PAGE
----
I wanted to have something fantastic on the table for Christmas dinner this year. I've seen a lot of burlap being used for various projects and thought to myself, why not a table runner? From there, the idea just kind of took off on it's own and evolved several times. At the end, though, I'm super happy with what came to be...
There were a few firsts for me, (using burlap, fabric ink, and a new material for stenciling) so it was a bit of a shot in the dark experiment. Sometimes shots in the dark work out!
Here's what you'll need:
Main fabric- I used burlap. You can find it at your local fabric store. You'll want enough to have one continuous strip across your table plus about 12" or so on either side to hang over. (So length of table + 24")
Backing fabric- I used muslin that I had in my fabric stash. There should be the same amount of backing as there is main fabric.
Rotary cutter and Scissors
Ruler or measuring tape.
Paint Mask- This was a first for me. I guess this stuff is used for painting cars, but it can be found at vinyl suppliers (I used H&HSignSupply.com). You'll need enough for your graphics plus a 1-2" border around the design.
Transfer tape or contact paper
Sponge Paint Brush
Fabric ink- I used the stuff that came in my Silhouette kit, however, it's the same as you can find at the hobby store for silkscreening.
Vinyl Cutting Machine or a steady hand, utility knife, and a lot of patience- I used my Silhouette Cameo, as I am seriously lacking in that kind of patience and it was a huge design. If it's just a small one, I could see doing it by hand, though.
Weeding Hook or needle and tweezers
Iron and/or Heat Press- I used both, though just an iron would be okay. You'll see in the tutorial how I used them.
Freezer paper or scrap paper- To keep the ink from bleeding through onto the surface of whatever you are painting on.
Step 1- Cut your main fabric and backing to the size of your table plus 24" (that gives you 11" of overhang on either side after factoring in a 1" seam allowance) for the length and then the width you want plus 2". (Mine was 20" wide.) For burlap, I found that an easy way to make a straight cut was to pull on one of the end threads. It would gather the burlap and eventually snap, but left a nice, clean straight line to follow for when you cut it.
Step 3- Using your cutting machine, cut out your design on your paint mask. You may have to cut the paint mask down to fit onto your mat.
Step 4- Weed your design. Using your weeding hook, remove the parts of the stencil that you will want to paint. This part may leave you a little covered in paint mask vinyl.
Step 5- Lay out your design the way you want it.
Once you're happy with how it looks (keep seam allowances in mind! Don't place it too near the edge or some may disappear into a seam), use your transfer tape or contact paper to remove the design from the backing and onto your main fabric. (Use the squeegee over the transfer tape once it's on top of the vinyl and then peel off the backing... then place it on your main fabric and squeegee again.) Before I put the contact paper on top of the vinyl to remove it from the backing, I like to stick the contact paper on the carpet and pull up a few times to get the stickiness down a bit. Makes it easier to remove later.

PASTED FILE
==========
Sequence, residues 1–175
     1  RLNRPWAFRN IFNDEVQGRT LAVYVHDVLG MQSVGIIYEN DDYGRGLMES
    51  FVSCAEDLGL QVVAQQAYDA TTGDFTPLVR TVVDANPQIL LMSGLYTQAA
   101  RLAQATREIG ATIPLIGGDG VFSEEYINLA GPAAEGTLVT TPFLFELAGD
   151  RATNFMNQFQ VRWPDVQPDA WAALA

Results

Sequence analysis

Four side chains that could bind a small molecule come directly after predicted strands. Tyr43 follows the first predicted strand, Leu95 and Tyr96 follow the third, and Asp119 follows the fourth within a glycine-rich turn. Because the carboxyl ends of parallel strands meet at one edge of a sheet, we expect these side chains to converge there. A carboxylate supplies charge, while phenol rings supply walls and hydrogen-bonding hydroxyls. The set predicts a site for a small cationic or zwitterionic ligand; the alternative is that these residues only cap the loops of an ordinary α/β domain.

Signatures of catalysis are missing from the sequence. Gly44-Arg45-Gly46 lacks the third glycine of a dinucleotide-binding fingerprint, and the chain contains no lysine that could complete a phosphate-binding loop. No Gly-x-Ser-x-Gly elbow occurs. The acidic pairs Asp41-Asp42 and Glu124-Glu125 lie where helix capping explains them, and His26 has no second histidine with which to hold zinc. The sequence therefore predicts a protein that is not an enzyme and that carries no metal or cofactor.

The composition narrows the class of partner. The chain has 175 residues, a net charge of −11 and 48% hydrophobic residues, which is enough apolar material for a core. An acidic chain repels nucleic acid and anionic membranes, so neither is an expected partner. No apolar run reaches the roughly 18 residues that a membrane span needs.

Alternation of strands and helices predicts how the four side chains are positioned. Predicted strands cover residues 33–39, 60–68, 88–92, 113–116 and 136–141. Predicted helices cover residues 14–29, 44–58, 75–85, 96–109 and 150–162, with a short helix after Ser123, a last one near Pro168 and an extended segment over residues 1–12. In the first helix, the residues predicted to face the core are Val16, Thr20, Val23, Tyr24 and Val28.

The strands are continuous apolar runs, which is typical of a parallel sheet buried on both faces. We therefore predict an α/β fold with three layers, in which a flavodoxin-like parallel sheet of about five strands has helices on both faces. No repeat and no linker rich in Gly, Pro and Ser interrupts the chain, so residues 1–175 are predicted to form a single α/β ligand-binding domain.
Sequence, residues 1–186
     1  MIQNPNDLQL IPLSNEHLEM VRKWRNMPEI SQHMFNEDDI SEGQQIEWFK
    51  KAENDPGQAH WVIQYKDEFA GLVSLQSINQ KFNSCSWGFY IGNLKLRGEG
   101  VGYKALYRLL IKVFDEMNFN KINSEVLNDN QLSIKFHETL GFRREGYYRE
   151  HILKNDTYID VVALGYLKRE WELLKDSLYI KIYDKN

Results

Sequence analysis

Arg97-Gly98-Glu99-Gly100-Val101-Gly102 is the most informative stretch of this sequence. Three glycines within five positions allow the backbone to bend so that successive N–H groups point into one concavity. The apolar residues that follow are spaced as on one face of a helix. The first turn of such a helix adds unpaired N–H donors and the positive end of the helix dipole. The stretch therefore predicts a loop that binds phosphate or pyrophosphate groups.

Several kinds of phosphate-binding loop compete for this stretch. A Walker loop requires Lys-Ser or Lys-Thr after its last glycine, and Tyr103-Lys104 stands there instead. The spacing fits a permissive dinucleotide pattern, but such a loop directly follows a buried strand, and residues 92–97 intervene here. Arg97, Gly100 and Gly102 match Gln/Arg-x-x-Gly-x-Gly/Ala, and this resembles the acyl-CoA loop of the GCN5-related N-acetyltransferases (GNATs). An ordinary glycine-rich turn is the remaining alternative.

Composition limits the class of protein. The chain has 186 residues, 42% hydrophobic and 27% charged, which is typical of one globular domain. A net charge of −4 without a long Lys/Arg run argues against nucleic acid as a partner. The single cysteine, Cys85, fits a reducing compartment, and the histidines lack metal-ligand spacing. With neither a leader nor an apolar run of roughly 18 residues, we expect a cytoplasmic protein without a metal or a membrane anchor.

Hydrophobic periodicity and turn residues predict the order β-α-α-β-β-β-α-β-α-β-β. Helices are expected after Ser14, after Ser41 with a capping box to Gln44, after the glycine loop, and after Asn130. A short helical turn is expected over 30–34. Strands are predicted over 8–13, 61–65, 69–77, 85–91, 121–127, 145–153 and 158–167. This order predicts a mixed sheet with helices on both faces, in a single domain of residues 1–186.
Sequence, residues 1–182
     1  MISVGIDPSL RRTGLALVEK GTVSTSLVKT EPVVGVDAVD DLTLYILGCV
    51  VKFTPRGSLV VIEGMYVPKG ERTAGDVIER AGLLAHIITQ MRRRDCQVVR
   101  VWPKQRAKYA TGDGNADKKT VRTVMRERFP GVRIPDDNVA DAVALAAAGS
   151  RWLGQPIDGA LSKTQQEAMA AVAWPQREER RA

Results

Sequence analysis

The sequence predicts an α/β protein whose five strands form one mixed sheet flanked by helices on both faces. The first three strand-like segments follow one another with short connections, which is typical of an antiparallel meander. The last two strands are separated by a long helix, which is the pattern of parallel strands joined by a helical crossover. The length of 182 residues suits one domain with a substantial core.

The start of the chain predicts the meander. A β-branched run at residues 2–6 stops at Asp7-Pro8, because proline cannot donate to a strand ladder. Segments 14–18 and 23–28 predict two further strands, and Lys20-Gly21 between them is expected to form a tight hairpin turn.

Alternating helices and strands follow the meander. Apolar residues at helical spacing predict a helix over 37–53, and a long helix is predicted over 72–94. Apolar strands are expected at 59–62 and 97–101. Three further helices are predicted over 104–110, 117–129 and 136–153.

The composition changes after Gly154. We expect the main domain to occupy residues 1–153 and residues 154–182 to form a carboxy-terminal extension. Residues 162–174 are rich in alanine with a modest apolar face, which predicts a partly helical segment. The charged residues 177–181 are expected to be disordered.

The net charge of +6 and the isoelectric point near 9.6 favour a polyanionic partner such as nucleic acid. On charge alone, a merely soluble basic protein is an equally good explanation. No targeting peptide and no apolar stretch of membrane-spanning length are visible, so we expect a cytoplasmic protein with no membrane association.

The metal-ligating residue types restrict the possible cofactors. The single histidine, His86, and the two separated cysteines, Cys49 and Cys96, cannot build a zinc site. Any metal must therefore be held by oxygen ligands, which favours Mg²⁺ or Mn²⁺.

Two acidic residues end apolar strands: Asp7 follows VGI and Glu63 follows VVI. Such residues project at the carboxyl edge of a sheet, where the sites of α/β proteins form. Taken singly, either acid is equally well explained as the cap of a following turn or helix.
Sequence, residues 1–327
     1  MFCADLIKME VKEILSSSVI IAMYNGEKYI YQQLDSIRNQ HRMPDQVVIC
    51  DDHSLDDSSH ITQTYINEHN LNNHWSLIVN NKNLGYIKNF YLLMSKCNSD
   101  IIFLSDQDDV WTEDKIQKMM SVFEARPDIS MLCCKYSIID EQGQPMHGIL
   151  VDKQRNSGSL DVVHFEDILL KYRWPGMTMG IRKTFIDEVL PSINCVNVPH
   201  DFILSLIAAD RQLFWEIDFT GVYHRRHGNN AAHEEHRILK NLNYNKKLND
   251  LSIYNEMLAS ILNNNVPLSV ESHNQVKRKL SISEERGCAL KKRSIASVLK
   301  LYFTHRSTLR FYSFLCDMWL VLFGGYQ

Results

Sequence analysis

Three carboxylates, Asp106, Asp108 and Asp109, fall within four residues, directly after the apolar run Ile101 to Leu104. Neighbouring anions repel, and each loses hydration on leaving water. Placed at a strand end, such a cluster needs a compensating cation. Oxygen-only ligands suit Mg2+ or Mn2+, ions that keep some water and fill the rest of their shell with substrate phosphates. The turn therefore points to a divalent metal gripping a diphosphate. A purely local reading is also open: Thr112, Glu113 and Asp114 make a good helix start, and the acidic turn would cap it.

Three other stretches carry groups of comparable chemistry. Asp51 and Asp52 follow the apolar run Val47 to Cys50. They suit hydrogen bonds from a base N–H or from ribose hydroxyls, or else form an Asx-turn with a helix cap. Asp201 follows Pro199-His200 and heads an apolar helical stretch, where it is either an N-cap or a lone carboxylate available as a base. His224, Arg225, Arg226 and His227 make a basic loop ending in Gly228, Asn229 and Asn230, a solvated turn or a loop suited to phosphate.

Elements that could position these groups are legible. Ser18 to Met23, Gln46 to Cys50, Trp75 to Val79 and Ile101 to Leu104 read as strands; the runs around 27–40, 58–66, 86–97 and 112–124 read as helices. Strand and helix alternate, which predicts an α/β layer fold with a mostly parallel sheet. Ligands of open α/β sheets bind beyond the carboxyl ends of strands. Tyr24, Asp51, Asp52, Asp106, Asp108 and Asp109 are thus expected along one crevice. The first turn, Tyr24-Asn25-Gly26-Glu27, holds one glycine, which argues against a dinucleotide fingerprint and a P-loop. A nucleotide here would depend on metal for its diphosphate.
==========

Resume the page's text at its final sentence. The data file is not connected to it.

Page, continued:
Step 6- This is BY FAR the hardest part of making this. Peel back the transfer tape. Go slow, take your time. Cut the excess transfer tape away as you're doing it. I don't have a photo of this step because I was charging my phone, but use one hand to hold down the vinyl and the other to remove the transfer tape. This takes awhile. Be patient.
I do, however, have a pic of some of the words with the transfer tape peeled off while the rest wait for transfer tape and placement.
Step 7- Now comes the fun part. Using your sponge brush, apply the fabric ink to the decals, being careful to stay within the frame of the decal and not go out of the lines. I did a thin coat and waited for it to dry. Then did a second coat a bit thicker... blotting up and down with my brush.
Step 8- Once the paint is COMPLETELY dry, peel back the stencil. This was my favorite part by far. So fun to see the end result peeking through. Then, heat seal it. You can either use an iron and iron through a protective layer of fabric (such as an old pillowcase) or a heat press if you want to blaze through it. Make sure you use a teflon sheet if you use your heat press.
Step 9- Now it's time to sew it together. Pin your fabric right sides together. Starting on one long side, sew down and around 3 sides with a 1" seam allowance. Leave one short side open so you can turn it right-side out. Iron.
Step 10- Tuck the unsewn short side inside 1" and press flat. Sew as close to the edge as you can. To finish the runner off, top stitch around the entire runner. I topstitched slightly under 1" to catch and hold all of the layers. Then, you're done!
Send pics if you guys make some! I'd love to see them. Enjoy!